The fight for government transparency in Kentucky never ends.
Recently an attempt to limit state spending transparency was introduced to the General Assembly. The Lexington Herald-Leader reported on this last week. According to the article, currently, private companies who have at least 25 percent of their revenue come from public projects find themselves subject to Kentucky open records laws. Apparently the requests for information are too burdensome for private companies and the proposed legislation aims to relieve them of this responsibility…
Rep. Johnny Bell, the sponsor of HB 496, said he respects the public’s right to know. Bell said his bill is a response to a flurry of Open Records Act requests filed in the last five months against private companies in construction, highway building, engineering and architecture, who do much of their business with government. The companies are complaining about wasted time and legal fees, Bell said.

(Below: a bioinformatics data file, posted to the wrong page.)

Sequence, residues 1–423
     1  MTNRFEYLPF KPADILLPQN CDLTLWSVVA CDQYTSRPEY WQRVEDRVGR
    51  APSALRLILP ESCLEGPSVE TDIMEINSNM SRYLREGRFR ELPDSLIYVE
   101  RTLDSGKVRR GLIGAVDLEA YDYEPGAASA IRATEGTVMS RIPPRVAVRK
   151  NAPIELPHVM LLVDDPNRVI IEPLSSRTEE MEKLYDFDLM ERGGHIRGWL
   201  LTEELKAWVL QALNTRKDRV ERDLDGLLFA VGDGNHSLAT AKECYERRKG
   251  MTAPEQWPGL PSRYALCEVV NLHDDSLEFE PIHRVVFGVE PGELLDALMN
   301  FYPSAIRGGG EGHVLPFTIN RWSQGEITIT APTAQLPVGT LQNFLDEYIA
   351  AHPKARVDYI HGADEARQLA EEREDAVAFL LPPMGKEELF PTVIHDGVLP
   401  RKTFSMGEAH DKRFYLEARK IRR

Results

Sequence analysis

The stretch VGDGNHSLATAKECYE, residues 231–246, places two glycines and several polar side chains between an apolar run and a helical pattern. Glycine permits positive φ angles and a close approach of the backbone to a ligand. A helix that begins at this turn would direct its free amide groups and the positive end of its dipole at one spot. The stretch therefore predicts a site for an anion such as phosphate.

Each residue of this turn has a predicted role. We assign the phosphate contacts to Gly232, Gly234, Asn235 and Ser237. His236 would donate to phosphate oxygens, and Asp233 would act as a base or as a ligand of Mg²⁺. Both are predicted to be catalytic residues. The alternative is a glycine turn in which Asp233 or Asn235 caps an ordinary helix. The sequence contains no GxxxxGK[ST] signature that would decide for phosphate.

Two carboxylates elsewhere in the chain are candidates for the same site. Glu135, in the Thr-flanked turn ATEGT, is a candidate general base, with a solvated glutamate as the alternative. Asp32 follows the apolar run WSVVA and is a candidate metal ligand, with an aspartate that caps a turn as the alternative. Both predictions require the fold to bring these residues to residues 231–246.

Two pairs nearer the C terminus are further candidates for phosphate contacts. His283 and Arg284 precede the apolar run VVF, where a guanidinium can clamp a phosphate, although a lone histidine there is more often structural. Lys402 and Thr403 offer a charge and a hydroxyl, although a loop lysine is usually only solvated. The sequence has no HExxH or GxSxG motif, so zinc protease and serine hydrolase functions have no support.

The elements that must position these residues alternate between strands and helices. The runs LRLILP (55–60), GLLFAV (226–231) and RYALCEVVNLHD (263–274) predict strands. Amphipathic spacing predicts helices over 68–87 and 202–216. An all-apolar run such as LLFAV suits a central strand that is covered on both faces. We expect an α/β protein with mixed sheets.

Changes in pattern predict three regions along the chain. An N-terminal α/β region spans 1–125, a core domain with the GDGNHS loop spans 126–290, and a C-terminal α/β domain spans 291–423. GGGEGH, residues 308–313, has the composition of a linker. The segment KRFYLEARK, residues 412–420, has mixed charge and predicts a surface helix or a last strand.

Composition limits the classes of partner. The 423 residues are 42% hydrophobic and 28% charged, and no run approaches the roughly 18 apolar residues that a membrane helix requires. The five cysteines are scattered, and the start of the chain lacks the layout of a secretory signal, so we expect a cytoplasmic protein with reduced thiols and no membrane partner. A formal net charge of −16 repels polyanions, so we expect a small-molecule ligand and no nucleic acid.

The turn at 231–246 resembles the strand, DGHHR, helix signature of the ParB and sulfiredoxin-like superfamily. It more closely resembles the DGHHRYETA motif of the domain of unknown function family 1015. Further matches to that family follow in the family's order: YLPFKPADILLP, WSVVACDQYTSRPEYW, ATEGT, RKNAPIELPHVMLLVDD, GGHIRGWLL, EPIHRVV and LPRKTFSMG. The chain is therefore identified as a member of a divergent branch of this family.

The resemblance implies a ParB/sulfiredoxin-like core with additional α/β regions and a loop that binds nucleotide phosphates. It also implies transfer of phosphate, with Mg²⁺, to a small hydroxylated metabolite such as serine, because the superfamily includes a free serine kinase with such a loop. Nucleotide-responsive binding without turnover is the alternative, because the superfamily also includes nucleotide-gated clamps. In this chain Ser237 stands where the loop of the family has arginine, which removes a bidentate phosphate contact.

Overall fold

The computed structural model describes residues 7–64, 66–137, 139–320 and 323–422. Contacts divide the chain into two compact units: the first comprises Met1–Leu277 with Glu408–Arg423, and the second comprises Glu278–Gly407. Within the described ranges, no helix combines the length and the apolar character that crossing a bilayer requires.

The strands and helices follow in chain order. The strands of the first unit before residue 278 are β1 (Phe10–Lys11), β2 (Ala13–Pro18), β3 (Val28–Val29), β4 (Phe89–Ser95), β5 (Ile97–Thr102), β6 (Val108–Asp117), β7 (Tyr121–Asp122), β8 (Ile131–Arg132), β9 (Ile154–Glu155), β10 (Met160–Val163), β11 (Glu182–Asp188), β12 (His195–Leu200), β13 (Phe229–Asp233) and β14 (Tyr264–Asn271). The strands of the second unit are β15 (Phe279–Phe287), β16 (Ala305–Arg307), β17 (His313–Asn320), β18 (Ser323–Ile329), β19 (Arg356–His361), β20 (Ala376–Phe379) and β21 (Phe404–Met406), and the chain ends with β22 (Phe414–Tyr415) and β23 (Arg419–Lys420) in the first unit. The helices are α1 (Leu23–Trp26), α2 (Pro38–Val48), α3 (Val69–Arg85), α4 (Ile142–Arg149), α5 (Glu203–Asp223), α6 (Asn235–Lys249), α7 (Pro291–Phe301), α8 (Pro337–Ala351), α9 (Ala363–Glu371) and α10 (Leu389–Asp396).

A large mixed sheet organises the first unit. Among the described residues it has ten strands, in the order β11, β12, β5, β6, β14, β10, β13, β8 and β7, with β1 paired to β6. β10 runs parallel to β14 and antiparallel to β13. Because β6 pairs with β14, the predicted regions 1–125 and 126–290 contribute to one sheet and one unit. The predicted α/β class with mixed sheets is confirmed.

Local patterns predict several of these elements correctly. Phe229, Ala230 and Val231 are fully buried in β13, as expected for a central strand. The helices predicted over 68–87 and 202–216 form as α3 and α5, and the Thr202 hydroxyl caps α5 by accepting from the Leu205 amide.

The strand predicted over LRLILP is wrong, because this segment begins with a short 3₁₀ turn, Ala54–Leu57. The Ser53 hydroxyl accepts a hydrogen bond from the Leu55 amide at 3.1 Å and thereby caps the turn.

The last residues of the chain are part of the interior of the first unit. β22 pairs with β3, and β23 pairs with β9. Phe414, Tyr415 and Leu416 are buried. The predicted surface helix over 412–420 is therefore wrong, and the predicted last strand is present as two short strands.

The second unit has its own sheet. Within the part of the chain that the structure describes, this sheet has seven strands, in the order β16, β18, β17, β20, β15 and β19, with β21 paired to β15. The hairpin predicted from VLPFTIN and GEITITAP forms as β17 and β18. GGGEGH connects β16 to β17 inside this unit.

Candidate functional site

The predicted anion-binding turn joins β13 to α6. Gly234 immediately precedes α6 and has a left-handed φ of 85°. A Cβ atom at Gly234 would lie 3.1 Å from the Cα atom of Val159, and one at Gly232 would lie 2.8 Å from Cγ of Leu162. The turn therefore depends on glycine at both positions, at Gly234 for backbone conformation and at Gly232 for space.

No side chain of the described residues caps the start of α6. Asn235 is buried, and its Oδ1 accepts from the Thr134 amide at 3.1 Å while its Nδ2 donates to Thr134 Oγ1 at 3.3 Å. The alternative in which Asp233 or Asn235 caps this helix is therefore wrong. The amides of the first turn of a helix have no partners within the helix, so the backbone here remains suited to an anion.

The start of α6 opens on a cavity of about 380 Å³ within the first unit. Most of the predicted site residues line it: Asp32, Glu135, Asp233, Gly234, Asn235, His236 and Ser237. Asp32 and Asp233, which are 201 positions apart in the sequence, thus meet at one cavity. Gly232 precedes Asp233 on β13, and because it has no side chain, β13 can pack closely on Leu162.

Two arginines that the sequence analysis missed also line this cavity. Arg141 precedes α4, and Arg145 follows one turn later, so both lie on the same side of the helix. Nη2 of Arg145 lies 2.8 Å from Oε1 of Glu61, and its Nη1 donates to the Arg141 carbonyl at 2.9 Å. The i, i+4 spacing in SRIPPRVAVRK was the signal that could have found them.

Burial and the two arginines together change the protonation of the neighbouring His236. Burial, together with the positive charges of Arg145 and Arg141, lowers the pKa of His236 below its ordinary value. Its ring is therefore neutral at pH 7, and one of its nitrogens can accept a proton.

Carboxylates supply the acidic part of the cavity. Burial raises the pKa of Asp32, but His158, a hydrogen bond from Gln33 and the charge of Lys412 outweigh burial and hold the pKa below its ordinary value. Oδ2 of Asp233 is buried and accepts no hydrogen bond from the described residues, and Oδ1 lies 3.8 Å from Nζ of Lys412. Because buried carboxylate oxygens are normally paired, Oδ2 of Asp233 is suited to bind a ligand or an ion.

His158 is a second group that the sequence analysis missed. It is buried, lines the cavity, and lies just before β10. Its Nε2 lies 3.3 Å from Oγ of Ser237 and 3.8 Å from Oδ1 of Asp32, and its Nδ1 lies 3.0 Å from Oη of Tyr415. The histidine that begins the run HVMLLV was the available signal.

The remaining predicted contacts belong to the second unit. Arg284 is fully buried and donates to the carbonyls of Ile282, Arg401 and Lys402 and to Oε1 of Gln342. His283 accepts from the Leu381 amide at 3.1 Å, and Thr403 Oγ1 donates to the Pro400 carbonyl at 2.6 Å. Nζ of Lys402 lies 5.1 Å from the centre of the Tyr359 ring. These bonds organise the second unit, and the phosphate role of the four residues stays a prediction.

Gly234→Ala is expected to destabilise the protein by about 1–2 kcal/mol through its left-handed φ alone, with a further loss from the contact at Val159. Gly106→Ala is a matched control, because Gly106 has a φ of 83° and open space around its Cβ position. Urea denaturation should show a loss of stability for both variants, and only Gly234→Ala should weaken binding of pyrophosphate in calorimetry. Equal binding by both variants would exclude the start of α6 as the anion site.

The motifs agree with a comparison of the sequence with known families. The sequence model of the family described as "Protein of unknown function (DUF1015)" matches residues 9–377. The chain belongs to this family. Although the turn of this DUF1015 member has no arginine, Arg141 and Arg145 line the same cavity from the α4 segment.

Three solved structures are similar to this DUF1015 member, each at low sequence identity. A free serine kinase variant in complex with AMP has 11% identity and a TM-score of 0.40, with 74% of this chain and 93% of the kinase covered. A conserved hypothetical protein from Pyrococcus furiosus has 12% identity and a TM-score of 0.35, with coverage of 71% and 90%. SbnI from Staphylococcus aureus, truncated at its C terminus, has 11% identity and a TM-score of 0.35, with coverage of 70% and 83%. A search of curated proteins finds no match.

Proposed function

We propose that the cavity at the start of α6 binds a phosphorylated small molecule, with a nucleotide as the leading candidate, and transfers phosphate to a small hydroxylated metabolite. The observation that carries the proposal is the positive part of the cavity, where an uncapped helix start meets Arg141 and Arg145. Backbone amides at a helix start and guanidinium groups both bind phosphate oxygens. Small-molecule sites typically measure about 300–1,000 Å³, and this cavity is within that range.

This is a very dangerous attitude toward taxpayer money. Here are a few things that need to be addressed in this discussion:
- Taxpayer money comes with strings attached whether it is spent by government or with private industry. Private companies take public money with this understanding. If you don’t want to be subject to open records laws, don’t take public money.
- The article states that quasi-government agencies like the Kentucky League of Cities would still be subject to existing transparency laws. Government cannot choose winners and losers. In this respect they would be choosing which recipients of taxpayer money are to be held accountable and which are not. That is unacceptable.
- The legal fees that are too burdensome only come into play in one scenario: The records request is challenged. Costly and burdensome legal fees can be avoided by simply turning over records related to taxpayer money.